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Mumbai architects bronze Daman fisherman

Photos: Pulkit Saigal

As part of an urban revival initiative, the administration of Daman decided to rejuvenate landmark junctions and their surroundings. This was to be done in a phased manner, with the refurbishment of traffic islands being undertaken in the first phase. Zero9, a Mumbai-based design firm, landed the contract to envision four landmarks in Daman and the responsibility of this overhaul was taken up by several corporates as part as their CSR activities.

Creative director of Zero9, Prashant Chauhan, says, “We were awarded four landmarks in Daman – the one at Bhenslore being an especially significant one, as it lies en route to Coastal Highway, Daman, at the intersection of Moti Daman-Udwada and Vapi-Devka roads. Through the traffic island, we sought to pay tribute to the local population, a large part of which belongs to the fishing community.”

Thus, the bronze sculpture of a fisherman, with his net cast in the air, confidently striding ahead, symbolizes a certain pride of work and a bright future. It was not easy to make the life-sized figure either, as it turned out to be a two-tiered process. First a ‘nude’ model was made to get the anatomy perfect, and then it was ‘clothed’, to achieve the fluidity of fabric and other details.

The net, which had to have a certain delicacy and sense of movement, was rendered in brass wire. The end result was a 300 kg, 8.5-foot-tall statue, installed at the junction on January 26th this year. Chauhan says, “The net is the highlight. When it is lit up in the evening, it looks amazing. Nani Daman is more a fisherman’s area and Moti Daman is the administrator’s office. So, we took inspiration from Nani Daman because I’ve seen people giving up the profession and moving to something else. It is seen as work for the lower classes. So why not imbibe pride by highlighting local trade? Eventually, our economy is down to how much we manufacture and do here.”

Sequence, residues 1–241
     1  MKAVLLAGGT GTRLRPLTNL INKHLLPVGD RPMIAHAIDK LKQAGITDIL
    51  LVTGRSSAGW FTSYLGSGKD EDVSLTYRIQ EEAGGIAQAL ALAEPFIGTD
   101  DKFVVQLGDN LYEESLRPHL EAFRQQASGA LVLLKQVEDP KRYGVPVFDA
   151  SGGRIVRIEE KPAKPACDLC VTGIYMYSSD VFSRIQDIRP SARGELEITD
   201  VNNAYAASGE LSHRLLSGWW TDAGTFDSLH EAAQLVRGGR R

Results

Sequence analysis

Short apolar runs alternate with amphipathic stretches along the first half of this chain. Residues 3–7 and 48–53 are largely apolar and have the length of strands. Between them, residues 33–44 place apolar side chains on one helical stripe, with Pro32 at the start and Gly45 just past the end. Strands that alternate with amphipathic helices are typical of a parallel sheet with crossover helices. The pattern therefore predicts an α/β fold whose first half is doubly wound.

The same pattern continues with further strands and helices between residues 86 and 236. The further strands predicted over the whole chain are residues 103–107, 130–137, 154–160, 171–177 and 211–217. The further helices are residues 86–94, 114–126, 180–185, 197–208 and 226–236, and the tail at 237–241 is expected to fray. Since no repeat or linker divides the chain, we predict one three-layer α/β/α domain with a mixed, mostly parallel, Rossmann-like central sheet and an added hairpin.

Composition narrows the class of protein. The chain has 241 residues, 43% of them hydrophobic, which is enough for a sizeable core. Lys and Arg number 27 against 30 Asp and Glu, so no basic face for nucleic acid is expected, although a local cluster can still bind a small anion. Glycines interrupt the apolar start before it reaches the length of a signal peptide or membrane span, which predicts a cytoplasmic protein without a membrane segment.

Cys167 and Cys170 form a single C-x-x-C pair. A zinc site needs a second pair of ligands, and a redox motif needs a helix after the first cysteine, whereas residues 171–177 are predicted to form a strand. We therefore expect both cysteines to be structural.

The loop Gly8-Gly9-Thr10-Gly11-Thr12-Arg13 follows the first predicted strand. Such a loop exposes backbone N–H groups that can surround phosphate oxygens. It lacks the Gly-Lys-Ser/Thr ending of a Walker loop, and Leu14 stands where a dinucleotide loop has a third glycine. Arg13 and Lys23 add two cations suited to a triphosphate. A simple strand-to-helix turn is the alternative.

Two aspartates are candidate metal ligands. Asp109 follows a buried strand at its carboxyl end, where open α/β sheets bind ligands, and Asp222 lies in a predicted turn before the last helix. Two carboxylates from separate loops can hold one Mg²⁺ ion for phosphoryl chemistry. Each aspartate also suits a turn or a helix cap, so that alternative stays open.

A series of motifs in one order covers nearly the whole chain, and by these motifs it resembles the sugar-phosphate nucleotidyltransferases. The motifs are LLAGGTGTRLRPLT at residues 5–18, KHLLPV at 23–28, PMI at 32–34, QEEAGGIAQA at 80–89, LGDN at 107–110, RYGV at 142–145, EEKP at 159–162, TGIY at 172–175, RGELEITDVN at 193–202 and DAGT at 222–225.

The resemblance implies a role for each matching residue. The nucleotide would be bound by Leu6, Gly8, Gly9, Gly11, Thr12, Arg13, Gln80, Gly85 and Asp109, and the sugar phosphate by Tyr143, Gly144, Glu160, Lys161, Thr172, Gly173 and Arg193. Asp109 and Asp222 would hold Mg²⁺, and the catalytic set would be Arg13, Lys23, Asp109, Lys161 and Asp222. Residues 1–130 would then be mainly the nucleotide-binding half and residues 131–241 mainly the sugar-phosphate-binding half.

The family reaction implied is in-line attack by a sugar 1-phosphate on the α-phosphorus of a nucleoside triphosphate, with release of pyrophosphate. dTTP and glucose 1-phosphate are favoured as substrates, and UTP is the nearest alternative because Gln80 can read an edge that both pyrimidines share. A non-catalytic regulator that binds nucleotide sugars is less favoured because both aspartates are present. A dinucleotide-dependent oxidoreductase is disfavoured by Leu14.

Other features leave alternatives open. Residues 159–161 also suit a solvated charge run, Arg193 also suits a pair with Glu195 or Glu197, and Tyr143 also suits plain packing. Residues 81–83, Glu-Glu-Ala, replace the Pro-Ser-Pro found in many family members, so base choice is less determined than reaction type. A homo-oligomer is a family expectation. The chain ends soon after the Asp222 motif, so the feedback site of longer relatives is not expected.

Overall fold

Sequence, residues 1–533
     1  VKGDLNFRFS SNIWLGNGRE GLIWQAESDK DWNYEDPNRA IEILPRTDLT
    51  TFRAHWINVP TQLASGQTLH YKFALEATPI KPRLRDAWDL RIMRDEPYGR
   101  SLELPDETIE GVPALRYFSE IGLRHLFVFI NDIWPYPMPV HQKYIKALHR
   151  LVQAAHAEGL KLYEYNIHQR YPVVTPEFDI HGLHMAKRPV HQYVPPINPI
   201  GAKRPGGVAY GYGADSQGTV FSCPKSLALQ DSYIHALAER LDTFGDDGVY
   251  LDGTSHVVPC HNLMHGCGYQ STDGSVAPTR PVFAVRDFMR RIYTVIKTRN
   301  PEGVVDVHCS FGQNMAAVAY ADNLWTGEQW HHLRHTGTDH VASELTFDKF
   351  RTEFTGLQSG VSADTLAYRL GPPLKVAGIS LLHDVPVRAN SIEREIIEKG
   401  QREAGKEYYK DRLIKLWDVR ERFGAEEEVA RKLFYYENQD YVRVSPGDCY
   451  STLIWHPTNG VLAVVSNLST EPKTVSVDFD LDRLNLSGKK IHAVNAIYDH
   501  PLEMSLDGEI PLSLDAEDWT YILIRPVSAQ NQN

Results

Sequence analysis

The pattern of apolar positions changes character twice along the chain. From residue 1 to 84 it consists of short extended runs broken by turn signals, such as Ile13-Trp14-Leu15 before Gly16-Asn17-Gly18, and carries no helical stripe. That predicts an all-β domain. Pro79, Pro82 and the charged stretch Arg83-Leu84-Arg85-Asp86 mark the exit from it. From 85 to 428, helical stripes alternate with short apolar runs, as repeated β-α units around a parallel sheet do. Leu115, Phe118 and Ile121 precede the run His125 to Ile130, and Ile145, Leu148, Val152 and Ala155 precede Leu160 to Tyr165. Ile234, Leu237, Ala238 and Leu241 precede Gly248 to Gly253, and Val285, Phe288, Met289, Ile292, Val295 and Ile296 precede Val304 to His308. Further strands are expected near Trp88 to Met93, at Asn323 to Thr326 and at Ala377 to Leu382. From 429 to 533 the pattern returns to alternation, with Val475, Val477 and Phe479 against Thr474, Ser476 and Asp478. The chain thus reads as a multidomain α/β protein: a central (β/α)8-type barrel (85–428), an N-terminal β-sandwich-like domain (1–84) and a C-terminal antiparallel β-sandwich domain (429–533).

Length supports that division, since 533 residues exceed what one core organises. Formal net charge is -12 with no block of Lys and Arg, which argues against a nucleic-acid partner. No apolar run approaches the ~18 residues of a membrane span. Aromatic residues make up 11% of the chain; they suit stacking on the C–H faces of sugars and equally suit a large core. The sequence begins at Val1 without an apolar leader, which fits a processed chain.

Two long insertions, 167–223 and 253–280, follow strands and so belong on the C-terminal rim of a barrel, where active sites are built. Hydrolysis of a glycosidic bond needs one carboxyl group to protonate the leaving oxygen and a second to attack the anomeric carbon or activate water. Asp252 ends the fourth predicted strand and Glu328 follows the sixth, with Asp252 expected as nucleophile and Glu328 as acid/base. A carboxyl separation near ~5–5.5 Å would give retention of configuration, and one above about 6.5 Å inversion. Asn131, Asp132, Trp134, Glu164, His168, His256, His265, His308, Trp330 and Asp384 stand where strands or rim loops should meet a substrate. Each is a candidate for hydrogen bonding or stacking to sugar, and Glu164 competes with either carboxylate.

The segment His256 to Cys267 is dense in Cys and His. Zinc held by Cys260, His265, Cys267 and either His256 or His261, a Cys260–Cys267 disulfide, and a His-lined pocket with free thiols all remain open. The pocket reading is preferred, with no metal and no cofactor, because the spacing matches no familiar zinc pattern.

Another traffic island at Vad Chowki showcases three leaves of the banyan tree. Vad is the local name for banyan and it’s a T-juntion en route to Coastal Highway, Daman, at the intersection of Coastal highway and Khariwad Main Road. Says Chauhan, “We wanted to do an intricate banyan leaf and create an old world charm as this junction has been there for long. We engaged a sculptor who made a mould and then cast it in brass. We decided against using fibre as that has a shorter shelf life. They asked us to make it in brass (look) and iron (strengthening).”